Thursday, March 6, 2008

PARKER AND STONE TRILOGY MISSES THE MESSAGE

Pure parody wins over intellectual subtext

Posted on Thu, Mar 6, 2008 at 4:00 AM

South Park: The Imaginationland Trilogy
Studio: Paramount Home Entertainment
Rated: NONE
WorkNameSort: South Park: The Imaginationland Trilogy

For more than 10 years, masters of social satire Trey Parker and Matt Stone have filled nearly every episode of their hallowed South Park with countless smirking allusions to pop culture. They’re not picky, stealing from television, movies, books, songs, politicians and celebrities that they love, hate to love and love to hate.

This compulsion has never been more prevalent than in Imaginationland, a trilogy that aired as three separate episodes last season and which is now available uncut and uncensored on DVD. The disc boasts the first-ever South Park commentary from Parker and Stone, who cite the trilogy’s complex plot as a parody amalgam of Harry Potter, Stargate and 24, with subtle jabs at Gladiator, Saving Private Ryan and The Abyss. The reason the duo gets away so successfully with such pop pilfering is that they’ve established themselves as critics and commentators as opposed to lazy regurgitators and star-struck revisionists. They take other people’s work, force it through their ideological meat grinder and expose it.

Imaginationland starts with another cockeyed Cartman scheme, this time to locate and trap a leprechaun, much to the chagrin of Kyle, who bet Cartman that leprechauns don’t exist. If Kyle loses, he has to, ahem, suck Cartman’s balls. A leprechaun does show up and with a most unusual warning: There will be a terrorist attack. The trilogy falls short only in that it fails to use such a ripe platform to comment on Iraq, torture and the Bush administration, even when the cards appear to line up for it. In this case, the creative duo seems to have decided that sheer parody is more important than intellectual subtext.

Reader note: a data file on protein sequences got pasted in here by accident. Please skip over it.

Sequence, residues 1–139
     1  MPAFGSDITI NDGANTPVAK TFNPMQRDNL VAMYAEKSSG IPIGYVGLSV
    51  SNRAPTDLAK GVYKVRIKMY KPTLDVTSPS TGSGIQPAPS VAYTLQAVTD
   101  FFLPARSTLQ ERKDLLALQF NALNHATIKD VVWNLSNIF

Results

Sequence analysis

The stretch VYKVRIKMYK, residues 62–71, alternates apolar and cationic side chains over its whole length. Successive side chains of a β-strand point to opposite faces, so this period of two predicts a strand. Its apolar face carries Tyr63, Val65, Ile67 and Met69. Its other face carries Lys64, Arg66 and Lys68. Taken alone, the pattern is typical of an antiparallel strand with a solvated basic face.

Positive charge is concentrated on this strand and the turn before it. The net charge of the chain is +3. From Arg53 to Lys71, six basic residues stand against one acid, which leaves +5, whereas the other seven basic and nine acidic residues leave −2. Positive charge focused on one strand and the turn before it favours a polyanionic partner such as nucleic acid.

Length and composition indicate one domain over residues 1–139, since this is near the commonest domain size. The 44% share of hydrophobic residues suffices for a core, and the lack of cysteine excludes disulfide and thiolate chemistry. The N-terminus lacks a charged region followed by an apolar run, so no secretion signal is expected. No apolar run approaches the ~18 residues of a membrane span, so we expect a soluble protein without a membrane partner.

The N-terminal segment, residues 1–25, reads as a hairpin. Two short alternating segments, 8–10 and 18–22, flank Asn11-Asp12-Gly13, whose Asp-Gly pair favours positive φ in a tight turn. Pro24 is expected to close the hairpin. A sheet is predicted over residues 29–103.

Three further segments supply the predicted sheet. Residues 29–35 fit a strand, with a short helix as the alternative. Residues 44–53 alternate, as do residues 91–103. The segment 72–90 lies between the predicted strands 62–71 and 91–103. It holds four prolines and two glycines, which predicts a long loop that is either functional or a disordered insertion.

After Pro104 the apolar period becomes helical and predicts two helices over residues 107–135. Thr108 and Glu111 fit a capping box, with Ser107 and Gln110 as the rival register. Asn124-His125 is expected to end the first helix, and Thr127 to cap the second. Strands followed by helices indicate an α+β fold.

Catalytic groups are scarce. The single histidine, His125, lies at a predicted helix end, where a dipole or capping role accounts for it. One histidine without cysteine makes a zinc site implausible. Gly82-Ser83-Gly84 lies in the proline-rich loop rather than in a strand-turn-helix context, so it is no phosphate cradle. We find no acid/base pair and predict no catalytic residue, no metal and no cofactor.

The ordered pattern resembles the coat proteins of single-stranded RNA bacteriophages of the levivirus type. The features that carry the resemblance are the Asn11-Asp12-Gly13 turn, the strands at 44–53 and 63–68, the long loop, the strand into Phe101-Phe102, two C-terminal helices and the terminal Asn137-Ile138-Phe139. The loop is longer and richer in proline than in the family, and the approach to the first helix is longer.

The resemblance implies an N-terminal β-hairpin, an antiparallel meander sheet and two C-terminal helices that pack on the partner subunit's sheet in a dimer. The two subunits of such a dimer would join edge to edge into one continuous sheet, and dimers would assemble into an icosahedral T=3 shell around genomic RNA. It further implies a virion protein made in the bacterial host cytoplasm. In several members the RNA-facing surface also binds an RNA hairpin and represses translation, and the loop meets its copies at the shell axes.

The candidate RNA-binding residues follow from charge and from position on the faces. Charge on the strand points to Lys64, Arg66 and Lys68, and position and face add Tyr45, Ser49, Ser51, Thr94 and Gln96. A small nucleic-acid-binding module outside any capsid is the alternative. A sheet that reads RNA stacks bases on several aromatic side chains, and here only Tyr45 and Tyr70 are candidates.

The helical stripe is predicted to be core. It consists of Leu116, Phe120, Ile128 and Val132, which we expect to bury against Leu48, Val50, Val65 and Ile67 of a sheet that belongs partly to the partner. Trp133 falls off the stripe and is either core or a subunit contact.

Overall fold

The  terrorist attack in question is not aimed at any real place but at Imaginationland, aka our collective imagination, where all the creatures of popular culture and mythology reside. It’s not long after we’re reacquainted with inhabitants the likes of Charlie Brown, the Ninja Turtles, Santa Claus and Ronald McDonald that a group of Islamic terrorists bombs Imaginationland, creating a tableau of carnage so violent it’s surprising that it aired on TV. The episode concludes with the terrorists using the character Rockety Rocket to puncture the wall dividing the evil side of the imagination – with figures such as the Predator, Freddy Krueger and Frankenstein – from the good side.

With the human imagination in peril, it’s only natural that the government gets involved, unveiling an Area 51–like secret facility in which a portal into the imagination is being finalized. When a trip to invade Imaginationland via the portal by Kurt Russell (hence the Stargate parody) fails miserably and hysterically, the only hope is on Butters, of all people. In episode three, Butters becomes a Harry Potter/Neo type, an unlikely entity destined to save the universe.